Mike Young is the author of the story collection Look! Look! Feathers (Word Riot 2010) and two books of poems: We Are All Good If They Try Hard Enough (Publishing Genius 2010) and Sprezzatura (Publishing Genius 2014). He edits NOÖ Journal, runs Magic Helicopter Press, writes for HTMLGIANT, and lives in Northampton, MA. Find him online at http://mikeayoung.tumblr.com.


"Down south the coastline crunches / rock-strewn wind-buried sand-showering / 
faces squinting eyes into secret coves / I have secrets too”—
from"Coast" published on Coconut. A convenient list of more poetry, some essays, even some videos on Megan’s website.

Megan Kaminski is the author of Desiring Map (Coconut Books, 2012) and six chapbooks of poetry, most recently This Place(Dusie, 2013) and Gemology (LRL Textile Editions, 2012). She lives in Lawrence, Kansas, where she teaches poetry at the University of Kansas and curates the Taproom Poetry Series.

If you donate for a ‘Reverse Fan Mail' to APRIL, we'll send your name to one of our favorite small press authors who will write a short, original work using your name as inspiration and you'll get a good-looking hard copy to show off.  There are illustrated versions, too!

More about our festival and our other thank you gifts at aprilfestival.com.

Mark Leidner and Tessa Hulls will write you a Reverse Fan Mail!


"It’s difficult to say / who makes loves to whom / in these times." —how one poem by Mark Leidner (found here, at Action Yes, among others) ends. Check out five more at La Petite Zine, too.

Mark Leidner is the author of Beauty Was the Case that They Gave Me (Factory Hollow Press, 2011) and The Angel in the Dream of Our Hangover (Sator Press, 2011). He lives in Atlanta and writes at twitter.com/markleidner.


"I am calling off an engagement. And I am doing it over the phone. While illegally camped in a cow pasture. In west Texas. With toilet paper shoved in my ears to drown out the passing semi trucks. And I keep having to kick my tent walls to scare these damn curious cows away." —Tessa Hulls presents an exploration of personal experience in art and down time in the creative process (as explained by hair ties!) and passes out candy at Seattle’s wonderful interdisciplinary reading series, Breadline.  A whole portfolio and blog of her illustrations and writing on her website, tessahulls.com.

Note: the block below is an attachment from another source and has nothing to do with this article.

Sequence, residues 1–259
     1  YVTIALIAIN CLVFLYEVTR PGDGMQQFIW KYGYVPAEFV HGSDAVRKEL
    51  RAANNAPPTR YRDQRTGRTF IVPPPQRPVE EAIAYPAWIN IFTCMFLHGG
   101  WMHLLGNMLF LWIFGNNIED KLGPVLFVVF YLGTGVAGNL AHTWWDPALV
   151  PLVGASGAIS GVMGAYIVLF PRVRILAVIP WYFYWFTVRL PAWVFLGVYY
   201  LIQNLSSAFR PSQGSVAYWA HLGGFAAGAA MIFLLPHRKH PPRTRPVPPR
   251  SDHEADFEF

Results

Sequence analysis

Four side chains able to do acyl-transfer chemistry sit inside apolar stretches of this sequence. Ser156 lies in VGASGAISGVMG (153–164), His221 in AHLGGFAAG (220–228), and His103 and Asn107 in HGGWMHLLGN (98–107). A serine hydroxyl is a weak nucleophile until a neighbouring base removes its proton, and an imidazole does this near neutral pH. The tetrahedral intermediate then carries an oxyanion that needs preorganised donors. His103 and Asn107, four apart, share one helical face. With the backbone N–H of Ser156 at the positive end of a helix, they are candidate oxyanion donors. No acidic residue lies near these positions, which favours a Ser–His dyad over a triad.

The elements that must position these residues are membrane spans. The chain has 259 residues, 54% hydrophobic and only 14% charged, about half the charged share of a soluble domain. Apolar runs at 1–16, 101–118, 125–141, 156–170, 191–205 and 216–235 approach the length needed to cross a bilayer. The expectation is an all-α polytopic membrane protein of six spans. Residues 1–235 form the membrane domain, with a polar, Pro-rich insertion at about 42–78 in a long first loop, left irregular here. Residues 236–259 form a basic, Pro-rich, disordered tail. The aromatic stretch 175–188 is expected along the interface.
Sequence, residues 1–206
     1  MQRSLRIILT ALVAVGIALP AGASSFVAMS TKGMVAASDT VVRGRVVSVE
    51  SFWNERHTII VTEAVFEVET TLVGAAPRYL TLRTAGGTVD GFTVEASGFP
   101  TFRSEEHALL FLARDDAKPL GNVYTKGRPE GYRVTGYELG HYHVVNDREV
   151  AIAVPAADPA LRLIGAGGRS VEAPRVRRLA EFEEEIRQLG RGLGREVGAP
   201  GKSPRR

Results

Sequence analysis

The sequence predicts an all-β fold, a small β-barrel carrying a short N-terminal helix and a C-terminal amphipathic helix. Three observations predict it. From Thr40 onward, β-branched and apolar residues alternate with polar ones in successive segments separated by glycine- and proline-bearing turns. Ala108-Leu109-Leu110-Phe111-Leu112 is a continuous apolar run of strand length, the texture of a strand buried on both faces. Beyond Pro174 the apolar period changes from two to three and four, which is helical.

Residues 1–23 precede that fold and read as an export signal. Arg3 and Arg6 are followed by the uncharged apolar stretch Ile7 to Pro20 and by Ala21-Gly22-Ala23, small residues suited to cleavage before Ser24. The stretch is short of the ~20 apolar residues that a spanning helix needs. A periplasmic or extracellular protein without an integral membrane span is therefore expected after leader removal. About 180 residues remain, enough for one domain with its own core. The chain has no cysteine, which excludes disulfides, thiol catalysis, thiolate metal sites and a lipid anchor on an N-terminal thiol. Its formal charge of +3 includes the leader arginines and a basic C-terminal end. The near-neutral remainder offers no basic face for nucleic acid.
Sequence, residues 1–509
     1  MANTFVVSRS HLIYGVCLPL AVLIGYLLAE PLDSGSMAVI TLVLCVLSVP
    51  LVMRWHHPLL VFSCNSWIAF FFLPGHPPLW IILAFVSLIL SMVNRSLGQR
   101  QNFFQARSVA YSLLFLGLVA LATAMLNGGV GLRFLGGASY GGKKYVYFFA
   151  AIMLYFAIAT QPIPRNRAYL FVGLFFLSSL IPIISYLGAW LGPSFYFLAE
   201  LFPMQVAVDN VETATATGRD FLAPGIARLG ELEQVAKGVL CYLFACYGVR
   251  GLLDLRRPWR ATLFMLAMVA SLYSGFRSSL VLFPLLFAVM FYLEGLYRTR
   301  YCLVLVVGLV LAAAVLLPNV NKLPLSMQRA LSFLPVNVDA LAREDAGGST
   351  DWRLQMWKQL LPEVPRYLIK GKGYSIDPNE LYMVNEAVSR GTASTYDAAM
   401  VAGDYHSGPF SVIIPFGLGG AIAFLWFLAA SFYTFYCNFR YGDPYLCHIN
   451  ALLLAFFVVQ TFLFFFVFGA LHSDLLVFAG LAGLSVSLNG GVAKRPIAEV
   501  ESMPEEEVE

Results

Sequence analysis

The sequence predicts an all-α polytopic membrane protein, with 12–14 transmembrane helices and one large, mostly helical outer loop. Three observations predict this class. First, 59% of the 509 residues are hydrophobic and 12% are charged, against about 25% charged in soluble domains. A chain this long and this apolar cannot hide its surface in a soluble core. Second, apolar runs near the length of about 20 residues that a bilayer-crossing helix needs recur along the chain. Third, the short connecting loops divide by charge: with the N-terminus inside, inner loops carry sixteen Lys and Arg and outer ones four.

Tessa Hulls is a restless artist/writer/adventurer who collects creative mediums as other members of her gender collect shoes. She works as a painter, cartoonist, essayist, performance-slideshowist, drawer, instigator, interviewer, muralist, bike mechanic, saboteur, feminist, sociologist, cartographer, illustrator, and chef. She is a voracious reader, and frequently finds herself surrounded by poets. When not frenetically project hopping in Seattle, Tessa enjoys traveling alone on her bicycle through remote landscapes, and testing the limits of her own capacity for isolation. She plans to spend a good chunk of 2014 working in Denali National Park in Alaska, and she is (very slowly) working on a non-fiction graphic novel about living in Antarctica.